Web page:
The Oak Harbor High School choir director sang his way to success with a strong program and for his work, received a prestigious award.
Darren McCoy earned a Golden Apple Award and he plans to use this distinction to speak to the Oak Harbor School District’s strengths and needs for the upcoming levy.
KCTS 9 presents the Golden Apple Awards annually to educators, programs and schools making a positive difference in Washington state education. McCoy is one of 12 recipients this year.
KCTS 9 will film his classes for a day or two and film an evening rehearsal for a feature that will air on TV across the state. McCoy will attend a ceremony to receive his award.
“I’m very happy about it and excited to put that down on my resume, but I feel like an award like this, even though it’s given to a teacher, goes to the students who made the changes in the program,” McCoy said.
The trust, leadership and “making things happen in the community” from his students has positively affected the choir program at Oak Harbor High School, McCoy said.
In the five years McCoy has taught at the high school, a few ways he has transformed the choir program are by starting the Show Choir and the Man Choir and bringing the students’ talents into the community by performing at events, in retirement homes and even creating a community-wide “Thriller” zombie music video.
“It’s (the award) a testament to the administration’s support for art in schools,” McCoy said. The administrative staff juggled class schedules to allow more students the opportunity to explore music, McCoy said.
Substitute teacher Patricia McCutcheon nominated McCoy for the award. As McCoy’s most frequent substitute teacher, “she gets to be here with the kids, and one thing I really hold to is: ‘The object of teaching a child is to enable a child to get along without the teacher.’”
When she is in the classroom, the students lead rehearsals themselves. Student leadership is also dominant in concerts.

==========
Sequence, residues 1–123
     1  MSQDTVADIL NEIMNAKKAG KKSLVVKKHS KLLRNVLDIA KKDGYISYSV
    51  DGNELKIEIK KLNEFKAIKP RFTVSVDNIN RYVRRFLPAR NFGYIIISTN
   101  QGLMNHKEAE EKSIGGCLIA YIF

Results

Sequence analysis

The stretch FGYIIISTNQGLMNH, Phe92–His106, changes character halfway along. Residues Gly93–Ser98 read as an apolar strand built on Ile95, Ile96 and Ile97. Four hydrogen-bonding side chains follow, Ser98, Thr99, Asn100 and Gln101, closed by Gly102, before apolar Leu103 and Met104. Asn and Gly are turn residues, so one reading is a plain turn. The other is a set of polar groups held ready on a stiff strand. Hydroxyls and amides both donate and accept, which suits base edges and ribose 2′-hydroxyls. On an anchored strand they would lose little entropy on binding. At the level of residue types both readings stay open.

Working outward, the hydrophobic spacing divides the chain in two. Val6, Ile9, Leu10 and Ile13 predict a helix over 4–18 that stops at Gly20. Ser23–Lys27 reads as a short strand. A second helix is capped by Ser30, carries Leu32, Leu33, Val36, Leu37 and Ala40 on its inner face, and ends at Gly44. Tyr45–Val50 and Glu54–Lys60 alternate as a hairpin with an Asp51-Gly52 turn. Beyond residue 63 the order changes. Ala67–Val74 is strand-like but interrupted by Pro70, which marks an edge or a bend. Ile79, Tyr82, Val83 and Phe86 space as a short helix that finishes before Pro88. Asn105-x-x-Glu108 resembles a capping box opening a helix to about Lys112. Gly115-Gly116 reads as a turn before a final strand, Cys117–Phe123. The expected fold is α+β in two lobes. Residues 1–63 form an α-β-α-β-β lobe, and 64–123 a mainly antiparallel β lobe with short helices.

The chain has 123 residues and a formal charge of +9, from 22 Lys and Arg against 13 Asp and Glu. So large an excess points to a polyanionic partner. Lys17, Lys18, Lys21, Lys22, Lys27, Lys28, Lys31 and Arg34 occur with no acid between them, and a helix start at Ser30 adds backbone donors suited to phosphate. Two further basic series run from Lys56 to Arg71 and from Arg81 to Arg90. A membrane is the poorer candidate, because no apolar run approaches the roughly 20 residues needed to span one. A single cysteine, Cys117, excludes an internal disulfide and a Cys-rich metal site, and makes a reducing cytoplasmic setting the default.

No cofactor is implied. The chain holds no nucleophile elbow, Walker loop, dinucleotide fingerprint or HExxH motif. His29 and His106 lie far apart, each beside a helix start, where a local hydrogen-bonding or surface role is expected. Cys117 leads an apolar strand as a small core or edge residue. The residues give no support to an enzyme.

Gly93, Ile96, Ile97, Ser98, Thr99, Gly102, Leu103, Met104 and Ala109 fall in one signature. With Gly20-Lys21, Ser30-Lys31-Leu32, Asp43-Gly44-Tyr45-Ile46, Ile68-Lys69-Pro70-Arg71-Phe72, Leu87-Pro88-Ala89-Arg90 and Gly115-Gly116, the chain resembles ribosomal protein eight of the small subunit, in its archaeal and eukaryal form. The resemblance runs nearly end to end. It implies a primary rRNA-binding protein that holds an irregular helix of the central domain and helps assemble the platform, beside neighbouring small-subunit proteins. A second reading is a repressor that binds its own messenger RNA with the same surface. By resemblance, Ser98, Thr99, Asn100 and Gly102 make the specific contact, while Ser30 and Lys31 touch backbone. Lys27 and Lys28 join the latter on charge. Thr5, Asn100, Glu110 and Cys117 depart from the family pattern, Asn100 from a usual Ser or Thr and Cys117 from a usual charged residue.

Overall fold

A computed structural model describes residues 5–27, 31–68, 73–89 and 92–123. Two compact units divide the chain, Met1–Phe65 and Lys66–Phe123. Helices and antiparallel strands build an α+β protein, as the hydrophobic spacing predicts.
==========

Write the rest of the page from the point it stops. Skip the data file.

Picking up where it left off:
“They do all the magic behind the stage,” McCoy said, adding that students act as backstage managers, do costuming and makeup, set up and more.
As to how earning this award has affected McCoy, he said, “I’m going to keep on doing exactly as I’m doing because it seems to be working.”
What he ultimately hopes this award will gain for the school district is passage of the levy in February 2013.
“People need to know we can do the best with what we’ve got and even win a Golden Apple Award, but we need more money,” McCoy said. “It’s so incredibly important. If this levy doesn’t pass, it’s like doomsday for the schools.”
McCoy encourages the community to become educated about the levy and the programs that will be cut if the levy doesn’t pass.
“Money is directly tied to better grades and school success … Look, we’re doing the best that we can and even won an award, but ultimately, you guys are the ones who pay the bills, not us,” McCoy said.
McCoy and other community members will present the past 800 years of music through song and images at a lecture-recital at 7 p.m. Saturday, Nov. 17 at Oak Harbor High School. Tickets cost $5 and proceeds will be used to buy microphones for the department. Purchase tickets at the door or by emailing firstname.lastname@example.org.